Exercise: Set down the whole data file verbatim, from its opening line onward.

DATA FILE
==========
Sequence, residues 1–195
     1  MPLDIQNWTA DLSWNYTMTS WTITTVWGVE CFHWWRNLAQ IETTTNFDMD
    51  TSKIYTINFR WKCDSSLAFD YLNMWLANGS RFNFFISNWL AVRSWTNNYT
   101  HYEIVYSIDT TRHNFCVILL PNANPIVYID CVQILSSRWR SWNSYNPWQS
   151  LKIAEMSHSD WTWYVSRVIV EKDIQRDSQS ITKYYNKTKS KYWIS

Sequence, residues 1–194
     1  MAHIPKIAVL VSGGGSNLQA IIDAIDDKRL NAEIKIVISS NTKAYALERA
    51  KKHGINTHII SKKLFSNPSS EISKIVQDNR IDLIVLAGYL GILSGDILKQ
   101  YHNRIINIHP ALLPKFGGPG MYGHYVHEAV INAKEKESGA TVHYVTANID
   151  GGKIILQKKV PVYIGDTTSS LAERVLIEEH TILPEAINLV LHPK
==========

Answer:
Sequence, residues 1–195
     1  MPLDIQNWTA DLSWNYTMTS WTITTVWGVE CFHWWRNLAQ IETTTNFDMD
    51  TSKIYTINFR WKCDSSLAFD YLNMWLANGS RFNFFISNWL AVRSWTNNYT
   101  HYEIVYSIDT TRHNFCVILL PNANPIVYID CVQILSSRWR SWNSYNPWQS
   151  LKIAEMSHSD WTWYVSRVIV EKDIQRDSQS ITKYYNKTKS KYWIS

Sequence, residues 1–194
     1  MAHIPKIAVL VSGGGSNLQA IIDAIDDKRL NAEIKIVISS NTKAYALERA
    51  KKHGINTHII SKKLFSNPSS EISKIVQDNR IDLIVLAGYL GILSGDILKQ
   101  YHNRIINIHP ALLPKFGGPG MYGHYVHEAV INAKEKESGA TVHYVTANID
   151  GGKIILQKKV PVYIGDTTSS LAERVLIEEH TILPEAINLV LHPK